On November 19, 2018, Swift announced she would be signing with Republic Records and Universal Music Group. The key part to this new deal, however, was that Swift would own her masters going forward.
"It's incredibly exciting to know that I'll own all of my master recordings that I make from now on," Swift said at the time.
And everything was fine for a few months until June 2019 when it was announced that Big Machine Records - which owned the masters for Swift's first six albums - was sold to Scooter Braun in a $300 million deal.
Braun was - at least before this moment - most famously known for discovering Justin Bieber on YouTube, but more relevant to this, he was also Kanye West's manager in 2016. This was the year that Kanye West and Kim Kardashian posted an edited version of a recorded phone call with Swift.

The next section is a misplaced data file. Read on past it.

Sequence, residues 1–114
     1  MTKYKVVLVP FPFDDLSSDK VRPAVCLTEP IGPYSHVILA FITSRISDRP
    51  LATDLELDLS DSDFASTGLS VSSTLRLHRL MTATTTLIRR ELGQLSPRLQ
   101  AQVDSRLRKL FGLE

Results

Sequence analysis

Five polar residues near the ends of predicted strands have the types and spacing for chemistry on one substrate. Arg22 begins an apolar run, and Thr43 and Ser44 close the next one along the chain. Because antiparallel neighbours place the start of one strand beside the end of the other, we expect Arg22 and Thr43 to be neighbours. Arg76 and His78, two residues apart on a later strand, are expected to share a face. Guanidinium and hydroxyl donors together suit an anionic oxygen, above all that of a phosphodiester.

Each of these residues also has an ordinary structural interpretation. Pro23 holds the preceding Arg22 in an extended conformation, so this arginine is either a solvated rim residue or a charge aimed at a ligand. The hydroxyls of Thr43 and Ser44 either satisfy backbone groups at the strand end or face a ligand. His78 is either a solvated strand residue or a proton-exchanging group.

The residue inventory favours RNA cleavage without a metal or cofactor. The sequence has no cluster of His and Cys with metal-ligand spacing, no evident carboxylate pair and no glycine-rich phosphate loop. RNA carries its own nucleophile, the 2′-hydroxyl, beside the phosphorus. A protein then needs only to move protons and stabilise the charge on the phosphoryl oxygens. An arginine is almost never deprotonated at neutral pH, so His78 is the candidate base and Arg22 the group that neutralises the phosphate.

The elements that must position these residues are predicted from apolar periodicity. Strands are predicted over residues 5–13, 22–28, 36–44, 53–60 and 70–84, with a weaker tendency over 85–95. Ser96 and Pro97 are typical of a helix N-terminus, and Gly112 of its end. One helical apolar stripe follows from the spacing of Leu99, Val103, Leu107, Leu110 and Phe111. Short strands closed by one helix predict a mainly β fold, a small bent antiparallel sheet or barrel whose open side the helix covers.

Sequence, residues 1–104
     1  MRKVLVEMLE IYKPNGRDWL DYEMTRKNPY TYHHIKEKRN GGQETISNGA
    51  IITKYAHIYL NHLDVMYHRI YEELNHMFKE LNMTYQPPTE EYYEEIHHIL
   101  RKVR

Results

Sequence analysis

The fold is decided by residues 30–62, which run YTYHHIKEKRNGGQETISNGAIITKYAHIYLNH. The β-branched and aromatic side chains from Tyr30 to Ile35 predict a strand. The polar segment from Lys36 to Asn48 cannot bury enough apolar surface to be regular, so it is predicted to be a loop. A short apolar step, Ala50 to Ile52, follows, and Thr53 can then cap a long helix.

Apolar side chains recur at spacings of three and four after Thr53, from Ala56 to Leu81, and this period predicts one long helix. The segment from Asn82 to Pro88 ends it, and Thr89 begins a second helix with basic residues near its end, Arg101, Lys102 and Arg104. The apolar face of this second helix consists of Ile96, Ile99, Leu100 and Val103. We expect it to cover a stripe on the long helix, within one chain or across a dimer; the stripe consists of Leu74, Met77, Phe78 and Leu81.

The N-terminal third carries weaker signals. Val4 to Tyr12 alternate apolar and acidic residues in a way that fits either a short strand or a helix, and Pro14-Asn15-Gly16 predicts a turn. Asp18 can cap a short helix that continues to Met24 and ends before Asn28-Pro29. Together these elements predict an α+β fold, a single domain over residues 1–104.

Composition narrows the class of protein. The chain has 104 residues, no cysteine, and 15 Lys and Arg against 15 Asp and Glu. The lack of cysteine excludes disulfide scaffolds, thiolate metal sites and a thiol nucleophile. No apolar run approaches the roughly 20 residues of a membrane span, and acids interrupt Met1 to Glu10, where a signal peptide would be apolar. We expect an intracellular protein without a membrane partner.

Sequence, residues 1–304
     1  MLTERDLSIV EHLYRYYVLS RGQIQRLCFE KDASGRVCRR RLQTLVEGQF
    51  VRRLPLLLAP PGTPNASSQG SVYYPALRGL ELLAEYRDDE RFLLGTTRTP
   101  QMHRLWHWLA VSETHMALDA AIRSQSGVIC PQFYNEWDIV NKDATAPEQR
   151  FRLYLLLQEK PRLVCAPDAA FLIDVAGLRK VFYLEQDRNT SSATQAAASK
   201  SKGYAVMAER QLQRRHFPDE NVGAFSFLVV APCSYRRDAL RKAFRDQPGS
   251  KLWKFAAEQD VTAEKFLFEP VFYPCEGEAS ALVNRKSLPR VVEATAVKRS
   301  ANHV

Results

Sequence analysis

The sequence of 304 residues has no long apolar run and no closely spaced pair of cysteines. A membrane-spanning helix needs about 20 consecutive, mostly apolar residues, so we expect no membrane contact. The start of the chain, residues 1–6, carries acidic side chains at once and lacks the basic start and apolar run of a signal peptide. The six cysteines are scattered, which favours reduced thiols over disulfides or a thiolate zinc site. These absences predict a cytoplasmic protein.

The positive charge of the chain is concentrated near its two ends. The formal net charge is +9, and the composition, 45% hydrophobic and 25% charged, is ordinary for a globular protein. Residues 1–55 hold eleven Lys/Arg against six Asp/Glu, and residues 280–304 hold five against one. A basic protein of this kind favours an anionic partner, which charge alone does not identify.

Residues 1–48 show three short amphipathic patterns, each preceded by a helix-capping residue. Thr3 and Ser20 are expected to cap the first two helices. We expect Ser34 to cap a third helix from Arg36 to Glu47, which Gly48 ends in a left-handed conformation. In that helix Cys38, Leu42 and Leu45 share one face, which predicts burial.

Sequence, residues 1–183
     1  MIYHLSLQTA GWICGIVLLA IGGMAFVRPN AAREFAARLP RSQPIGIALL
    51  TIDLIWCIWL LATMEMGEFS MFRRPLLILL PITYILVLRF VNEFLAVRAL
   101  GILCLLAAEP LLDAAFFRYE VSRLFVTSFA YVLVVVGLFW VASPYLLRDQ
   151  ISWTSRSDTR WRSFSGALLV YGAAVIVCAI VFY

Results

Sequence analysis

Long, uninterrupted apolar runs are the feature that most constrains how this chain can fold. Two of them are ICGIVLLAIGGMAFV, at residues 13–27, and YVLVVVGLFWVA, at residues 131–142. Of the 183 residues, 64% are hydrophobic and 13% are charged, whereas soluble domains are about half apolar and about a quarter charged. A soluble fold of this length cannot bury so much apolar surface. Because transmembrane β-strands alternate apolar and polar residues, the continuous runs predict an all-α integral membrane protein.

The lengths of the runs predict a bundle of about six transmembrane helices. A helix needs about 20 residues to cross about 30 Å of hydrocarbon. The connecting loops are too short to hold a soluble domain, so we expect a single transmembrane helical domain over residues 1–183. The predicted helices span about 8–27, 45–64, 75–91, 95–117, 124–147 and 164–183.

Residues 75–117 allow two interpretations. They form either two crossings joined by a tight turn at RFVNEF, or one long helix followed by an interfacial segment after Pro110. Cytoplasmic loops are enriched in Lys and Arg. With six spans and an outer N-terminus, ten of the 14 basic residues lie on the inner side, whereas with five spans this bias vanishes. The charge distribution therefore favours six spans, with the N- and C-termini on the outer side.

The edited phone call made it appear that Swift gave approval to be called a "bitch" in West's song, Famous. To make things worse, the song's video showed a naked wax model of Swift in bed with West, and others. When Swift came out swinging against the song and video clip, the edited phone call was effectively used as ammunition against her. It was only revealed last year that the phone call had been edited and what Swift had agreed to, wasn't what ended up in the song or video clip.
Aside from being West's manager at the time, Swift believed that Braun had played a key role in this and other bullying tactics.
"Now Scooter has stripped me of my life's work, that I wasn't given an opportunity to buy. Essentially, my musical legacy is about to lie in the hands of someone who tried to dismantle it," Swift wrote in a Tumblr post following the sale of her masters in 2019.
Three months later, Swift announced she planned to re-record her first six albums. The first of these, Fearless (Taylor's Version), was released in April this year, debuting at number one on the Billboard 100 chart, all but erasing the original's debut at 157. And last month, the second re-release, Red (Taylor's Version) also took out the number one spot on its debut.